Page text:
Antarcticite

Antarcticite

  • named after the type locality – the Don Juan Pond in Antarctica
  • Antarcticite is very hygroscopic and is formed only in very arid regions and precipitates only from highly saline brines
  • Formula: CaCl2  · 6 H2O
  • Space group: P321
  • Crystal system: trigonal
  • Crystal class: 32
  • Lattice parameters: a = b =  7.8759(2) Å, c = 3.9545(2) Å, α = β = 90°, γ  120°

Crystal structure (click on the pictures to download the VESTA file):

(K. Momma and F. Izumi, “VESTA 3 for three-dimensional visualization of crystal, volumetric and morphology data,” J. Appl. Crystallogr., 44, 1272-1276 (2011).)

  • every Ca ion is surrounded by nine water molecules
  • the CaO9 polyhedra (blue) are face-connected and stacked along the c axis
  • these faces are made up of three water molecules  acting as bridging ligands between two Ca ions
  • every Cl anion is involved in 6 H-bonds (dotted lines)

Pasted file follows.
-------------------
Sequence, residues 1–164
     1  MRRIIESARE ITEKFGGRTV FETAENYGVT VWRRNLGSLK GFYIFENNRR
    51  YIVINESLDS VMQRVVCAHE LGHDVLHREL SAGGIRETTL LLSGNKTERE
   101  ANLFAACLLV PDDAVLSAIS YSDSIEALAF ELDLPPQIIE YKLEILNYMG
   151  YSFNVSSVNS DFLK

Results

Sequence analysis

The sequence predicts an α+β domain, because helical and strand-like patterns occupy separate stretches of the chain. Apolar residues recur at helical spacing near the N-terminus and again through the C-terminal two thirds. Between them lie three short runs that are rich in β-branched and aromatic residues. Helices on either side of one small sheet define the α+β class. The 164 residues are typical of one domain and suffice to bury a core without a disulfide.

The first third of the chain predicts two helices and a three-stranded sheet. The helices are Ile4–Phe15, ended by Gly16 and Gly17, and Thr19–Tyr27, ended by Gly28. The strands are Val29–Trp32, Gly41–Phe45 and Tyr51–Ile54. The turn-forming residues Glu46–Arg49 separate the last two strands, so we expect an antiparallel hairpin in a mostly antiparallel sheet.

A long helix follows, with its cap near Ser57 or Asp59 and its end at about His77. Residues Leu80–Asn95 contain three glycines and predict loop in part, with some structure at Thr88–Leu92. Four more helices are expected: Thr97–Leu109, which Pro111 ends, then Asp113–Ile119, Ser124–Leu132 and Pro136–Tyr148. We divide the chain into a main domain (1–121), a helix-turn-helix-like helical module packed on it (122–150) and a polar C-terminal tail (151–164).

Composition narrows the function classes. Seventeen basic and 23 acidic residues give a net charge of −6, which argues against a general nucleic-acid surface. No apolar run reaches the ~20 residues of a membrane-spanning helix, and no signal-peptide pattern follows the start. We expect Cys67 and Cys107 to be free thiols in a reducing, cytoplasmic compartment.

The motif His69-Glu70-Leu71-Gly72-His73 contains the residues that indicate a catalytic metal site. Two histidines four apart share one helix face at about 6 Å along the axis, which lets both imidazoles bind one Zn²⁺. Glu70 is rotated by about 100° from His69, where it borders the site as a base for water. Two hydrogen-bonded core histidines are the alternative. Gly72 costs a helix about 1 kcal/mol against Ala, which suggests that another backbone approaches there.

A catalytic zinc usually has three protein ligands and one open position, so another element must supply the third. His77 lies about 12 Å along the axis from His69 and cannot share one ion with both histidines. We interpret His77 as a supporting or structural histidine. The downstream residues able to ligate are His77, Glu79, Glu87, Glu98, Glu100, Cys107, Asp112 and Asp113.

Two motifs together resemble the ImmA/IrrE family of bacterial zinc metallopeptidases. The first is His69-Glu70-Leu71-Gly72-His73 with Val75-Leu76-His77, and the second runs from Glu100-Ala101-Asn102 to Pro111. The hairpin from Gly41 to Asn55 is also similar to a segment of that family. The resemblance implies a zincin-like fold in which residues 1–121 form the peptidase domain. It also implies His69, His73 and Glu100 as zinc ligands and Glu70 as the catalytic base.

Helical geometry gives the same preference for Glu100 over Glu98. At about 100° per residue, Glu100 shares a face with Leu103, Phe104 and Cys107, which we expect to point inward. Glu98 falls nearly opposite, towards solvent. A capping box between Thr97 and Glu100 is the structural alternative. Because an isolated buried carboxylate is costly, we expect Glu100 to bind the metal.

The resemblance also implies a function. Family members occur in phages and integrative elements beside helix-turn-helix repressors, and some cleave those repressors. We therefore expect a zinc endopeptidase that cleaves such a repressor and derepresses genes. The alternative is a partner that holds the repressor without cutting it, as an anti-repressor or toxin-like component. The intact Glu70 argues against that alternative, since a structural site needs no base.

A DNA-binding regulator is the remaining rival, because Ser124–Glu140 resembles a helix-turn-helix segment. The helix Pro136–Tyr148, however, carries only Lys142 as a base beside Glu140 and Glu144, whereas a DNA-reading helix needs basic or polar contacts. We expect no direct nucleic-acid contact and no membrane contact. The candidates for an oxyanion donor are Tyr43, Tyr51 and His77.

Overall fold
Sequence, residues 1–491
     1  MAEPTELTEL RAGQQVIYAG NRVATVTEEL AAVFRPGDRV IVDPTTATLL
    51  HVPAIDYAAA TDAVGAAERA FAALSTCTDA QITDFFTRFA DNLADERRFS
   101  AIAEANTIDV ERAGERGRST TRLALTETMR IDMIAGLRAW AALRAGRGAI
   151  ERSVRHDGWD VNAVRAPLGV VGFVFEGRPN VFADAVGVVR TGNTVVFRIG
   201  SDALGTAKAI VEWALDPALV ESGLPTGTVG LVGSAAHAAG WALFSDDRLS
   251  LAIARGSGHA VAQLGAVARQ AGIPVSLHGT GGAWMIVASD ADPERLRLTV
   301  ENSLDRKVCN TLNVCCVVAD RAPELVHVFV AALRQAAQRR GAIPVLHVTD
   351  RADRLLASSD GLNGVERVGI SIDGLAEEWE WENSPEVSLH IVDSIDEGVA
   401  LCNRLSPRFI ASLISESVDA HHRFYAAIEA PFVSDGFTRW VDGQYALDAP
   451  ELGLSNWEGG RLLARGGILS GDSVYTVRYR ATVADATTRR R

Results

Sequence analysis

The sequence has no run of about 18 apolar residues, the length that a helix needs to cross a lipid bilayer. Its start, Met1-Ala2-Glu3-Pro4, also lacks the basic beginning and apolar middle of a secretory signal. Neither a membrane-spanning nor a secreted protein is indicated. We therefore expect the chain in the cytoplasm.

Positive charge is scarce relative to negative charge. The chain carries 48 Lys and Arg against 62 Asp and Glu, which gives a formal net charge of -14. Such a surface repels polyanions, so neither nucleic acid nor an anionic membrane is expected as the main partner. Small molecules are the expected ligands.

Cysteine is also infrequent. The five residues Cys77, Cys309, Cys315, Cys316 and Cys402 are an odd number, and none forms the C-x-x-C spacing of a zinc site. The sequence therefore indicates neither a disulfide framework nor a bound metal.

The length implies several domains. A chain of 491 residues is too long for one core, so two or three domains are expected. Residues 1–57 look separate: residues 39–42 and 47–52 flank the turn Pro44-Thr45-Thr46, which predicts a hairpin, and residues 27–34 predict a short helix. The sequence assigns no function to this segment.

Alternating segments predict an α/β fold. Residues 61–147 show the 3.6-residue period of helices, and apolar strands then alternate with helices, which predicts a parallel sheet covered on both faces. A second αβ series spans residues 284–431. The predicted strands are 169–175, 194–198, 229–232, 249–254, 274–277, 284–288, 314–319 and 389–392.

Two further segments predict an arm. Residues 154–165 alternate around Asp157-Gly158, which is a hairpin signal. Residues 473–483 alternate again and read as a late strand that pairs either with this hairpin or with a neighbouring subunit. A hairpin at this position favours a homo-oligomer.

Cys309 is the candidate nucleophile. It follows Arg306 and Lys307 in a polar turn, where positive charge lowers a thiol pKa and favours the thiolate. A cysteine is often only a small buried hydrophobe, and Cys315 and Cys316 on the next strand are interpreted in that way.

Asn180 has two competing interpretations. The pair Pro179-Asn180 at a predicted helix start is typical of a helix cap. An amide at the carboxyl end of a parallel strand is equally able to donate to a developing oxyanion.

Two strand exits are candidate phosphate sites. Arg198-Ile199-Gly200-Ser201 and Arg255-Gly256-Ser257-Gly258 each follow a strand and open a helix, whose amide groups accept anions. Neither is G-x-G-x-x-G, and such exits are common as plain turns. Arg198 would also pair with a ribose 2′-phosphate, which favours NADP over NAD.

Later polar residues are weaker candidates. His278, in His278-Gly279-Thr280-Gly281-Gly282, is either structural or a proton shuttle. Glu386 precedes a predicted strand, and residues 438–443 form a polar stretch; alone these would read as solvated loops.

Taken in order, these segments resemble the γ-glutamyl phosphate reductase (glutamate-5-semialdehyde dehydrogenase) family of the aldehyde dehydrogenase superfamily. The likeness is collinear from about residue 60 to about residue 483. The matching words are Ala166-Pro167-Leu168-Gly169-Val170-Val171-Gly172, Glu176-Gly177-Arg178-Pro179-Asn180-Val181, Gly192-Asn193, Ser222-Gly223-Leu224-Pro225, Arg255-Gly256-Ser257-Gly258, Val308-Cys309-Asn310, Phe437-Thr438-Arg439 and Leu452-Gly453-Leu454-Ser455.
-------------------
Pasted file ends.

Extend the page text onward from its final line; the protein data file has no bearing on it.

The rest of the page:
• Oxygen (red)
  • Chlorine (green)
  • Hydrogen (white)

For a 3D interactive version, see here:

https://skfb.ly/6PJXV

Refs:

[1] T. Torii, J. Ossaka, Science 1965, 149, 975-977.
DOI: 10.1126/science.149.3687.975

[2] P. A. Agron, W. R. Busing, Acta Crystallogr. C 1986, 42, 141-143.
DOI: 10.1107/S0108270186097007

Troilite – most frequently from outer space

Troilite

  • Troilite occurs at only very few places on earth but  is abundant on our moon and also on Mars. The most frequent occurrences on earth are within meteorites.
  • Troilite was named after Domenico Troili who collected and examined samples of a meteorite that fell on earth in Albareto (near Parma) in 1766.
  • Formula: FeS
  • Troilite is the iron-rich endmember of the pyrrhotite group, the iron-deficient variant of FeS with the formula Fe(1-x)S (x = 0 to 0.2).
  • Space group: P-62(No. 190)
  • Crystal system: hexagonal
  • Crystal class: -6m2
  • Lattice parameters: a = b = 5.962(2) Å, c = 11.750(3) Å, α = β = 90°, γ = 120°

A section of the meteorite Sikhote Alin that has Troilite inclusions.

Picture: André Knöfel, CC BY-SA 3.0 de
https://commons.wikimedia.org/w/index.php?curid=7803661


Crystal structure (click on the picture to download the VESTA file):

(K. Momma and F. Izumi, “VESTA 3 for three-dimensional visualization of crystal, volumetric and morphology data,”J. Appl. Crystallogr., 44, 1272-1276 (2011).)

  • Although it is a stoichiometric 1:1 compound the Fe (brown) and S (yellow) atoms do have different coordination environments:
    • FeS6 (distorted) octahedra
    • SFe6 (distorted) trigonal prisms